Forcing patients to travel to access their rights is not just a constitutional problem either, Posner noted in the opinion. “It’s also true,” Posner wrote, “that a 90-mile trip is no big deal for persons who own a car or can afford an Amtrak or Greyhound ticket. But more than 50 percent of Wisconsin women seeking abortions have incomes below the federal poverty line and many of them live in Milwaukee (and some north or west of that city and so even farther away from Chicago).”

Posner continued, “For them a round trip to Chicago, and finding a place to stay overnight in Chicago should they not feel up to an immediate return to Wisconsin after the abortion, may be prohibitively expensive. The State of Wisconsin is not offering to pick up the tab, or any part of it.”

As Posner’s opinion detailed, contrary to “no problem” arguments the state’s attorneys made defending the law, this is very much a problem. “These women may also be unable to take the time required for the round trip away from their work or the care of their children,” Posner wrote. “The evidence at trial, credited by the district judge, was that 18 to 24 percent of women who would need to travel to Chicago or the surrounding area for an abortion would be unable to make the trip.”

In other words, nearly a quarter of the patients who would be forced to travel out-of-state should the admitting privileges law take effect would simply not be able to access the abortion care they need. That is not some intellectualized “undue burden”; it is a very real crisis for fundamental human rights.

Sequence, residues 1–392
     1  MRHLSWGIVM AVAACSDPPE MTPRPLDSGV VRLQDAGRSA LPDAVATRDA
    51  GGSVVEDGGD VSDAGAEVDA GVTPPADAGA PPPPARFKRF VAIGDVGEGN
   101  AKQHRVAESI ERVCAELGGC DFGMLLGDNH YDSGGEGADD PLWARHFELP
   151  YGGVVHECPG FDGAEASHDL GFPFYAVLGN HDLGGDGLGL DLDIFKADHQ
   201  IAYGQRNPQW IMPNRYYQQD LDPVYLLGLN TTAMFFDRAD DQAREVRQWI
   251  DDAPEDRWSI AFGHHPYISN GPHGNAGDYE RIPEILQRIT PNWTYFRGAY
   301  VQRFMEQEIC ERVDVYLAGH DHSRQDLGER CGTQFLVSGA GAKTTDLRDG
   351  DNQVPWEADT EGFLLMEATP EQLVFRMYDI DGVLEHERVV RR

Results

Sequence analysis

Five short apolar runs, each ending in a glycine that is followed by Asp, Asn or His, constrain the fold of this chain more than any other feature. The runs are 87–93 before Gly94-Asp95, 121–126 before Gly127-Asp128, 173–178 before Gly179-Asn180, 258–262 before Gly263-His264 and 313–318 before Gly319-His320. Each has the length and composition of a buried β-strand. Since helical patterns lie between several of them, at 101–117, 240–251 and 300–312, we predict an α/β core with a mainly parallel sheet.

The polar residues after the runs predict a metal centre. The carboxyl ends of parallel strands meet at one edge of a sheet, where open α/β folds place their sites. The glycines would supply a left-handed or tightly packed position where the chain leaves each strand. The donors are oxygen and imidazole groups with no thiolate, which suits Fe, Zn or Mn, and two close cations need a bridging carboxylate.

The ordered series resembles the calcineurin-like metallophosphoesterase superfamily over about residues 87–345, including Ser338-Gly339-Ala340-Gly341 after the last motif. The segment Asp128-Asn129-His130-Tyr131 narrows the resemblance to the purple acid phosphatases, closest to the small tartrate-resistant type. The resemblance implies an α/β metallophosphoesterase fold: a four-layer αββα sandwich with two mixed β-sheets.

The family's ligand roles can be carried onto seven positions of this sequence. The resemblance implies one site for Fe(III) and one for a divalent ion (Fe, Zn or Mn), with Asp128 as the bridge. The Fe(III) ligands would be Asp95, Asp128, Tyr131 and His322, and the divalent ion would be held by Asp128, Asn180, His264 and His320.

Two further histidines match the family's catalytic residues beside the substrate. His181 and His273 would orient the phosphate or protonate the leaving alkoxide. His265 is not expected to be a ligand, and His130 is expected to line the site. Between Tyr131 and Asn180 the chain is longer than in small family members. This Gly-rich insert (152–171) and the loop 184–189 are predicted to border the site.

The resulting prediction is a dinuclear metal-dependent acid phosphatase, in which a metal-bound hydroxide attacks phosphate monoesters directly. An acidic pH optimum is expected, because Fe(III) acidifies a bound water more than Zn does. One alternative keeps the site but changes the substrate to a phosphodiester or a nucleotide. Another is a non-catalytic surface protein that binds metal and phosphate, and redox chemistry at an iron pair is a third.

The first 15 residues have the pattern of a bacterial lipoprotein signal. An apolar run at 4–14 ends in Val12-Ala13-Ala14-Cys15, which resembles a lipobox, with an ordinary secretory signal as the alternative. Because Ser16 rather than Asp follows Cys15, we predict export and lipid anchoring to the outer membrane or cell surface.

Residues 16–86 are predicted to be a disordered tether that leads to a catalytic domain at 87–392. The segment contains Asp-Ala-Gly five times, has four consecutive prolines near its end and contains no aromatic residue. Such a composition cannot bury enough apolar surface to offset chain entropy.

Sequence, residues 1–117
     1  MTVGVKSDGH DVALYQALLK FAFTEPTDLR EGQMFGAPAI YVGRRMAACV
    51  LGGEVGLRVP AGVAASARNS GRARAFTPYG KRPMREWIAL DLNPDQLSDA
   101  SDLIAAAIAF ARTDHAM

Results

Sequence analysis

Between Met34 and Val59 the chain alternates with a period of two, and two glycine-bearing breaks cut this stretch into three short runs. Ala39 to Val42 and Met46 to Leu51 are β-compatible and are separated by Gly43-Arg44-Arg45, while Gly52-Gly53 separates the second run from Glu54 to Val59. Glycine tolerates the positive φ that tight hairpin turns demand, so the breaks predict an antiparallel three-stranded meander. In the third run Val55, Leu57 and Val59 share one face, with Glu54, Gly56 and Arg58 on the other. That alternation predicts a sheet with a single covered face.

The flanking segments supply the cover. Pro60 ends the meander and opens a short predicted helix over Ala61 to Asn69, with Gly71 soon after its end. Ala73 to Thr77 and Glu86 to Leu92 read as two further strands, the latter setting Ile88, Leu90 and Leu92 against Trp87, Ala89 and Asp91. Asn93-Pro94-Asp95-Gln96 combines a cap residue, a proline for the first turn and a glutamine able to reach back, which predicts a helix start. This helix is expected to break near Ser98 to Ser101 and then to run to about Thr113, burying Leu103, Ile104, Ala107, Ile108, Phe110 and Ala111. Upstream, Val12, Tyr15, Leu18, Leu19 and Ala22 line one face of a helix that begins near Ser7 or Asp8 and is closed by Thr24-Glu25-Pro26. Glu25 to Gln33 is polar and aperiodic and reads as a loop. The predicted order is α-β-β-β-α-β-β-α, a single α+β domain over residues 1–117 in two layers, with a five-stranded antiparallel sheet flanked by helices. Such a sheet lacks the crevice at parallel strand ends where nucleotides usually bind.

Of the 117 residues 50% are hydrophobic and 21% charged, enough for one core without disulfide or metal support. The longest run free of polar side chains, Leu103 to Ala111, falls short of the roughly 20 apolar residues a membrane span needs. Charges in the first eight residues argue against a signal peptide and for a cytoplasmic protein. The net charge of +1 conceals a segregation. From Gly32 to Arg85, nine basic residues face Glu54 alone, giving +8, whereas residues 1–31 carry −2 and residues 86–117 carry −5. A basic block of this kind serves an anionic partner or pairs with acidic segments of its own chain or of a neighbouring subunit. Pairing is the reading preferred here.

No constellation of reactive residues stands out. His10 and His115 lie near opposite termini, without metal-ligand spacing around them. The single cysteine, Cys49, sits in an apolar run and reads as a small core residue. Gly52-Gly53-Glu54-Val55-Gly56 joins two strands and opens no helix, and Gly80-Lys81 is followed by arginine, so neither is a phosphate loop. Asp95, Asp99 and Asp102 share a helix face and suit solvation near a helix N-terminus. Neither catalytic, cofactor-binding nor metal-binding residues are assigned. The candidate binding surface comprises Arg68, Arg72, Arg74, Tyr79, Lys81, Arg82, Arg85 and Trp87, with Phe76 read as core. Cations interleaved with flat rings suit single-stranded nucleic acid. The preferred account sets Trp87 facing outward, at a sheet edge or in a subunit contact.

Monday’s opinion, though, is at its best when it directly takes on the conservative Fifth Circuit Court of Appeals judges who upheld Texas’ admitting privileges and ambulatory surgical center requirements. “A great many Americans, including a number of judges, legislators, governors, and civil servants, are passionately opposed to abortion—as they are entitled to be,” the opinion stated. “But persons who have a sophisticated understanding of the law and of the Supreme Court know that convincing the Court to overrule Roe v. Wade and Planned Parenthood of Southeastern Pennsylvania v. Casey is a steep uphill fight, and so some of them proceed indirectly, seeking to discourage abortions by making it more difficult for women to obtain them,” Posner wrote.

“They may do this in the name of protecting the health of women who have abortions, yet as in this case the specific measures they support may do little or nothing for health, but rather strew impediments to abortion. This is true of the Texas requirement, upheld by the Fifth Circuit in the Whole Woman’s case now before the Supreme Court that abortion clinics meet the standards for ambulatory surgical centers—a requirement that if upheld will permit only 8 of Texas’s abortion clinics to remain open, out of more than 40 that existed when the law was passed,” wrote Posner.

“And comparably in our case the requirement of admitting privileges cannot be taken seriously as a measure to improve women’s health because the transfer agreements that abortion clinics make with hospitals, plus the ability to summon an ambulance by a phone call, assure the access of such women to a nearby hospital in the event of a medical emergency,” Posner wrote.

Judge Posner is done with this nonsense of even entertaining that clinic shutdown laws are about promoting patient health, y’all. He has had enough. And he did his damnedest in Monday’s opinion to make it clear to the justices of the Roberts Court they too should be finished with these nonsense laws. Let’s hope they read his opinion.